The focus of US economic policy discussion at present is almost entirely on fiscal deficits and the level of taxes. My view is that these are second or even third order issues. What matters far more is the capacity of the economy to offer satisfactory lives for the citizenry. This depends on far more fundamental forces than deficits and taxes, such as innovation, jobs and incomes. Evidently, I am arguing that taxes and deficits do not determine these outcomes. I am suggesting this because they do not.
I don’t entirely disagree with those views. In a recent talk I gave on productivity and taxation I started off by quoting both Paul Krugman
Productivity isn’t everything, but in the long run it is almost everything. A country’s ability to improve its standard of living over time depends almost entirely on its ability to raise its output per worker.
and Adam Smith
Little else is requisite to carry a state to the highest degree of opulence from the lowest barbarism, but peace, easy taxes, and a tolerable administration of justice; all the rest being brought about by the natural course of things.
The issue being, what is the meaning of ‘easy’ taxes and ‘tolerable’ administration of justice? If all Wolf is saying that there is more to productivity and long-term prosperity than lowering taxes then he is entirely correct.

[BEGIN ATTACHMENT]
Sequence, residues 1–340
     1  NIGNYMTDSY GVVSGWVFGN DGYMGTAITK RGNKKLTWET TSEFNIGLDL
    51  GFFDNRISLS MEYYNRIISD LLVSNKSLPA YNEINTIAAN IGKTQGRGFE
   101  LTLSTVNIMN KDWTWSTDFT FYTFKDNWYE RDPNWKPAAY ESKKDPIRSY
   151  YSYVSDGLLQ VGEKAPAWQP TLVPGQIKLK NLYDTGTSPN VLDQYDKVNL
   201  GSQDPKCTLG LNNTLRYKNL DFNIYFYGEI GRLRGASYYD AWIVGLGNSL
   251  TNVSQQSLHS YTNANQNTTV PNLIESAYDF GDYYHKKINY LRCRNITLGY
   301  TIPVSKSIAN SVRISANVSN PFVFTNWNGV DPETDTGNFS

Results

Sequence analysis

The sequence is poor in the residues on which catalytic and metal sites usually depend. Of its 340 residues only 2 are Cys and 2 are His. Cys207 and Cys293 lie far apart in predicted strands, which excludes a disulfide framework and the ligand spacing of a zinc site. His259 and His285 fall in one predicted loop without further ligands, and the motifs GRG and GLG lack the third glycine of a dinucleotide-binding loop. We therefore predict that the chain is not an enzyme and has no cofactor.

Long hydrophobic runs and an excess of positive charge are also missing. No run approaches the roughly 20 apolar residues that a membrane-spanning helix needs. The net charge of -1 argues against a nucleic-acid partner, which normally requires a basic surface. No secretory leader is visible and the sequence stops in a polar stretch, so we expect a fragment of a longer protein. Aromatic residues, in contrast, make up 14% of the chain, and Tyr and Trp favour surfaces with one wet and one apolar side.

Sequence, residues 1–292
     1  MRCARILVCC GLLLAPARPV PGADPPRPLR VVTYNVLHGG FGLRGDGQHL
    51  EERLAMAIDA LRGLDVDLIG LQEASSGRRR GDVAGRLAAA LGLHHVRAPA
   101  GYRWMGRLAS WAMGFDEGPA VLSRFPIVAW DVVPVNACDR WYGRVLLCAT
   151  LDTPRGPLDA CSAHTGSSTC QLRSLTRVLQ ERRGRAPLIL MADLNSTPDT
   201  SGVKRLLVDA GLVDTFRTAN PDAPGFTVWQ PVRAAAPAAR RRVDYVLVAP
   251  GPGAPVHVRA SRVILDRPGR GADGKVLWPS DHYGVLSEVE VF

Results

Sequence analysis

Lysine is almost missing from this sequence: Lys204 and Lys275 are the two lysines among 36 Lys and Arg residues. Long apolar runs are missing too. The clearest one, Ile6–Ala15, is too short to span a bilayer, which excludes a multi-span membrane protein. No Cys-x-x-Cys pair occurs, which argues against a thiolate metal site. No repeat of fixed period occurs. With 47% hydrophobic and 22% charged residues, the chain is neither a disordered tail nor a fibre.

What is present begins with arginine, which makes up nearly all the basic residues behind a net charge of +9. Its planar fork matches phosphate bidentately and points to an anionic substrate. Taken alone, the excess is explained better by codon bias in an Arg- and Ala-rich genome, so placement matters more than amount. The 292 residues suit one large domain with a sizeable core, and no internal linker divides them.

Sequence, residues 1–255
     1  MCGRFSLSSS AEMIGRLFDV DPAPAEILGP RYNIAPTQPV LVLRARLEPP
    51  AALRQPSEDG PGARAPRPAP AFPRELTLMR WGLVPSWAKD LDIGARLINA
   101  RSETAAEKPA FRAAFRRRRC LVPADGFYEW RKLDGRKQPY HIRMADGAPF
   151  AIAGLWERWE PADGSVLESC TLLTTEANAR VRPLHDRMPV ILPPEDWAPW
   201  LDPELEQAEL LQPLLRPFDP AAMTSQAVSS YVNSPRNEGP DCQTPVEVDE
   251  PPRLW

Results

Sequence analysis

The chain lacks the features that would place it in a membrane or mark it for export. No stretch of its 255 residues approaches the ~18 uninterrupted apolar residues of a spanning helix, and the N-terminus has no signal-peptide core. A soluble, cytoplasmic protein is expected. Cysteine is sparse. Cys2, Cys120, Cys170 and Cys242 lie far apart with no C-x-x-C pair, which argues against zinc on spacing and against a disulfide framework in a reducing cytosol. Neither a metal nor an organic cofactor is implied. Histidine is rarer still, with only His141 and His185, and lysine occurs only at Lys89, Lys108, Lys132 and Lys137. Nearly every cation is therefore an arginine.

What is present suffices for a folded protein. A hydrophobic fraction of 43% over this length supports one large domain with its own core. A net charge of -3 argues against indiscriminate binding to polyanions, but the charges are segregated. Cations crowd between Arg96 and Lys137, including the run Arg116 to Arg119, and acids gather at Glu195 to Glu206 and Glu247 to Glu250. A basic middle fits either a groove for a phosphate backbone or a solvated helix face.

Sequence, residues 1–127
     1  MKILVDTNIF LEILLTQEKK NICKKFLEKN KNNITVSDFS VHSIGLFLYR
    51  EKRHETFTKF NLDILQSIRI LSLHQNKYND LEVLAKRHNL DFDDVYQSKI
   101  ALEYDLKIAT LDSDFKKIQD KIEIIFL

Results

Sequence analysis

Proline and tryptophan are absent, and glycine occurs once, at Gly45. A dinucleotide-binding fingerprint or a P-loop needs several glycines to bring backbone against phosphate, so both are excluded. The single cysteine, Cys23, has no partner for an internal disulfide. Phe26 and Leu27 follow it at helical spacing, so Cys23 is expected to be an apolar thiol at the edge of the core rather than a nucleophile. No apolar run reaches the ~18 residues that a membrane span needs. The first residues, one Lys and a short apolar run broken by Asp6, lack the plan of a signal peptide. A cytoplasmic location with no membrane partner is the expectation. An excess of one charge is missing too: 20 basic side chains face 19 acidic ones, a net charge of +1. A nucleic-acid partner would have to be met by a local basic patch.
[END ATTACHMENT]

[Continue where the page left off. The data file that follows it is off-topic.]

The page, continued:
But I fear some might interpret his argument as saying there is no relationship between taxation and long term prosperity and productivity and that, I suspect, is not correct.
He shows this graph to illustrate his point.
The first conclusion is that there is no relation between the share of government revenue and the rate of growth of real output per head (that is, productivity) over the 1989-2011 period. The “regression line” is flat.
He doesn’t actually show us a flat regression line – but I can imagine one that is flat and so I am happy to believe him. But looking at his dataset (n = 18), he has OECDitis – those are OECD economies only and there are many more economies in the world and many more in the datasets where he has drawn his data. So I downloaded all the data from the sources he cites and then using his definitions graphed the data and then estimated a regression line (n = 116).
Eviews suggests that the slope of that line is negative and statistically significantly different from zero (p = 0.0005). [Before anyone gets too excited and claims I should do this or that to the data to derive somewhat different results - please remember, this is not my test or regression. I have replicated Wolf's test and regression using a larger data sample.]
So contrary to what Wolf says, there is a relationship between “the share of government revenue and the rate of growth of real output per head (that is, productivity)” once you include all the economies where data are available.
The important thing here isn’t that Wolf has truncated his sample to derive his result but rather that tax itself is only part of the burden of government – wasteful spending and inefficient regulation are also important and the tax debate shouldn’t obscure those issues.